3D-chip technology seeks to pack artificial intelligence into smaller spaces

3d-chip

When it comes to the brains of the PC — the central processing unit, or CPU — today’s technology is in some ways significantly advanced over yesterday’s. CPUs are much faster than they used to be, but the traditional metric for measuring performance improvements, Moore’s Law, has been challenged lately.

Moore’s Law specifically states that the number of transistors in an integrated circuit will double every two years, meaning that processing performance will continue to steadily increase. As we have reached the limits of current processor manufacturing technology, however, Moore’s Law is threatened — right when advancements in artificial technology require even faster and smaller CPUs. That is precisely why new 3D-chip technology being developed by Stanford and Massachusetts Institute of Technology researchers is particularly important.

Complicating matters is that AI is no longer centralized in massively powerful data centers. Increasingly, AI is being pushed out to edge devices that need to stand on their own. Self-driving cars and personalized medicine are two example of applications that require extremely powerful decentralized CPU capabilities.

The researchers are developing technology that could solve the current performance squeeze by packing more computer components into single chips. Most computers today are made up of many chips that are connected together on motherboards using electrical circuits. Even at electronic speeds, the distance between chips limits the speed at which these chips — CPUs and memory, for example — can communicate and process information.

The new 3D-chip technology will help solve that problem by creating single chips that contain both CPUs and memory and thus reduce or eliminate the lag created with current designs. In order to create these chips, the researchers are adapting carbon nanotubes made of graphene to stack integrated circuits one over another. That is impossible with silicon-based circuits due to the high temperatures required in their production — using carbon nanotube circuits enables the creation of chips at much lower temperatures.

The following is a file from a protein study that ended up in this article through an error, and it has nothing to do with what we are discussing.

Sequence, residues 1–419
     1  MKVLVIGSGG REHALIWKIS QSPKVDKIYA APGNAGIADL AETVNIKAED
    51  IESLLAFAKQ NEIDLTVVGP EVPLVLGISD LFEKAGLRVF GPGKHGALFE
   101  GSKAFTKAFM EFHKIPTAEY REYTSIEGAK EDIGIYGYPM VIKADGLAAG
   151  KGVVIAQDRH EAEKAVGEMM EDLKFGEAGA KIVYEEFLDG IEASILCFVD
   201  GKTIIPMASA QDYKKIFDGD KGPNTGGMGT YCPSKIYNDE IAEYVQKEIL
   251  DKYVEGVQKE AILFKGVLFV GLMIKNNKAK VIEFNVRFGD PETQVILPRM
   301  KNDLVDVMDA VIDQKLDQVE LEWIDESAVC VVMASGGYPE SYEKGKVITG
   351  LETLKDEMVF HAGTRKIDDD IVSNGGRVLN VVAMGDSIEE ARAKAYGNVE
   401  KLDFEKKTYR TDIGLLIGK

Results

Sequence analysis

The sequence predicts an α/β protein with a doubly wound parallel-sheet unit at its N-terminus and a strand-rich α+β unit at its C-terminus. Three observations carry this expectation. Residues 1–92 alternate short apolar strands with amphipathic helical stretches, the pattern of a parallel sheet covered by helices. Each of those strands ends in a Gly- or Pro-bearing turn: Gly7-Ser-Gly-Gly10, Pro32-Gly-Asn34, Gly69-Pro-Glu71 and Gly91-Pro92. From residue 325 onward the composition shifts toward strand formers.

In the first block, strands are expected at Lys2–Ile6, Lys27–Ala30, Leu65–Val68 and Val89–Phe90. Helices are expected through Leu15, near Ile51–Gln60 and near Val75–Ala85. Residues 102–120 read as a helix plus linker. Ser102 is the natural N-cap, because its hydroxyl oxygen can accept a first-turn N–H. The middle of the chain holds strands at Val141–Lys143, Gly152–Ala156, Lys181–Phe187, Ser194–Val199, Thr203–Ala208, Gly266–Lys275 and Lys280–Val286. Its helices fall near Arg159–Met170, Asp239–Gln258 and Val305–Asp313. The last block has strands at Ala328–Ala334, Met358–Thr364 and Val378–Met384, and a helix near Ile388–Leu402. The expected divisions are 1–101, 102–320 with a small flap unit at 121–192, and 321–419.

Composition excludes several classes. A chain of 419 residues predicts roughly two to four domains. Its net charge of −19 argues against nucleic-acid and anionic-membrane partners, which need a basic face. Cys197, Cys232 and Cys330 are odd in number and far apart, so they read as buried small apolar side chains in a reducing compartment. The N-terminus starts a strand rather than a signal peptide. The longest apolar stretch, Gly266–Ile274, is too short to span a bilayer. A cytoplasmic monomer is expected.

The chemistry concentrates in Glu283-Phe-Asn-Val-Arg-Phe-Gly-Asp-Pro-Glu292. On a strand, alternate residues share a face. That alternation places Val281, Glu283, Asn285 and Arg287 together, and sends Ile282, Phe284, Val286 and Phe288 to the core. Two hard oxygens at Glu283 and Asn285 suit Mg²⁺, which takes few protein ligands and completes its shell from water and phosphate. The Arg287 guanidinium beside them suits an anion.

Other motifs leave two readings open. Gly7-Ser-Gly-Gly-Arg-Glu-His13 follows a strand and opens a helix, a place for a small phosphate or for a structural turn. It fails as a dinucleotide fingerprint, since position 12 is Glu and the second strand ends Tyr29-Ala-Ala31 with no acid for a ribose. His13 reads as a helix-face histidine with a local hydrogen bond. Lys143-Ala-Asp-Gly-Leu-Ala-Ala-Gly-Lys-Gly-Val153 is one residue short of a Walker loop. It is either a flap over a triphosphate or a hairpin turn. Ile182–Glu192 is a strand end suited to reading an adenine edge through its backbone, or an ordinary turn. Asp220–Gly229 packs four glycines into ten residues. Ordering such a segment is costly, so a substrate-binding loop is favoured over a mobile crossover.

As MIT assistant professor of Engineering and Computer Science Max Shulaker puts it, “Circuits today are 2D, since building conventional silicon transistors involves extremely high temperatures of over 1,000 degrees Celsius. If you then build a second layer of silicon circuits on top, that high temperature will damage the bottom layer of circuits.” Carbon nanotube circuits can be built at temperatures below 200 degrees Celsius, allowing circuits to be stacked without damaging lower levels.

It’s not just CPUs and memory that can be stacked together to make a single 3D chip. Other technologies such as sensors can also be built in, making for even more powerful single-chip solutions. While the details are quite complex, the results could be revolutionary. Not only would Moore’s Law gain new life, but future AI could be built into increasingly smaller devices as well.